I had so much fun at Valley of the Fire State Park, I decided to roll the dice on another nearby State Park. I crossed from Nevada into Arizona with nearly 1,400 miles on the odometer, and found dispersed camping near the Virgin Gorge.
After a day of chores in St George and with rain in the forecast, I returned to the same campsite as to avoid those slipperier-than-snot-when-wet roads. Sadly the most important chore I’d hoped to accomplish, the replacement of my windshield wiper lever brain, didn’t happen due to the part not being in stock.
With intermittent rain showers, I spent another day doing chores but stopped by Snow Canyon State Park for a map. The white rock in the background (not the reason the park is named snow) captured my attention and I couldn’t help but say WOW! According to Park literature, “Snow Canyon State Park is a 7,400-acre scenic park tucked amid lava flows and soaring sandstone cliffs in a strikingly colorful and fragile desert environment. It’s located in the 62,000-acre Red Cliffs Desert Preserve.” According to the WOW guide, “The canyon’s name honors two Mormon leaders: Erastus Snow and Lorenzo Snow.”
Another night of dispersed camping, this time at Gunlock Reservoir.
The Utah WOW guidebook, had a recommended route starting with the Red Sands Trail.
The Park gets kudos for their excellent signage. At every junction the post included a map with “you are here” clearly indicated as well as reminders about dogs, bikes, and directional text.
I can’t say I was that impressed with the Red Sands Trail. There were views of red sandstone, but mostly it was a red sand slog.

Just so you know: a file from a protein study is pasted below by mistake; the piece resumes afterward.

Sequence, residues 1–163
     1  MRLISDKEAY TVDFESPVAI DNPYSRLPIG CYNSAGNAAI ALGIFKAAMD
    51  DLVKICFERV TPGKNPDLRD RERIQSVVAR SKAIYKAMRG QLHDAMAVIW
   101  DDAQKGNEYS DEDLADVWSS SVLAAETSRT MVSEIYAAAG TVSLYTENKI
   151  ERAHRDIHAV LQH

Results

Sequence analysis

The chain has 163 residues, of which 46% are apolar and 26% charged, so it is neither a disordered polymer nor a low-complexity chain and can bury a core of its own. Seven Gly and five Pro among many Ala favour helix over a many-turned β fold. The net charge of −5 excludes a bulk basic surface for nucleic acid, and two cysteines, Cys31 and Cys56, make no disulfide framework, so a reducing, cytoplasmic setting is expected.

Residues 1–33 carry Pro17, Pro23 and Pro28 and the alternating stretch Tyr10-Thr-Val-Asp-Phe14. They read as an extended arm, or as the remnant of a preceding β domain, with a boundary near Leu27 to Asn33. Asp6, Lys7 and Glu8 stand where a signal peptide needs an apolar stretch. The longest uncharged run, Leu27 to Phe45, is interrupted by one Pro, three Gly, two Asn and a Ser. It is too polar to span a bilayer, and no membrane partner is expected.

The sand slog ended with this small pool of water from recent rains.
Petrified Dunes was next on the list.
It wasn’t quite what I was expecting as far as petrified wood, but I was now hiking on slickrock which made me a very happy gal.
Soon enough I found myself roaming across the interconnected sandstone.
The white mountains I really wanted to visit seemed oh so far away.
These volcanic debris fields were quite interesting.
After all my wanderings I was beginning to feel a bit cliffed out. How oh how would I get off this slickrock without stepping in any precious biological soil?
I sure was surprised to stumble across this large pool, especially since rain has been fairly elusive this spring.
It’s 5pm and time to go . . . until tomorrow when I’ll need to return for more exploration of that white rock I’m craving.
The next morning I had a slight change of plans after stopping by the Park Visitor Center. A ranger recommended a visit to nearby Red Mountain where I would get a view down into Snow Canyon and where I’d spent the previous day.
The trail is heavily used by horses and begins on an old roadbed with plenty of ankle busting rocks.
Finding survey markers are considered extra credit.
The spur trail was well marked.
Sadly the air quality was bad for photos and the sun was in my face. The geology was amazing and I wish I could have captured better photos.
There was even a little extra credit geology eye candy.
Finally it was back down to Snow Canyon where I needed to wander the white rock mountains. I met this elderly couple who were the cutest ever, so supportive by gently encouraging each other down the trail.
I decided to first visit the amphitheater.
What you don’t see until you zoom in is the kids playground. When you don’t have a beach, this seems to be the next best thing. I wondered why I saw all these families in the parking lot with sand toys. They were using snow sleds to fly down the hill. So fun and even though I’m typically LNT, I’m really okay with this little slice or paradise.
Then it was time for more slickrock walking. The views were spectacular.
Ran into this cutest ever family, with the young girls all decked out in colorful gaiters and hats.
Loved this sign. Yes, turtles are worth saving.
- Snow Canyon State Park
- Nice reminder of their LNT philosophy
- If you find trash, do your part and carry it out. This was from my dispersed campsite. One beer even appeared unopened.
- Be aware and knowledgeable of biological soil.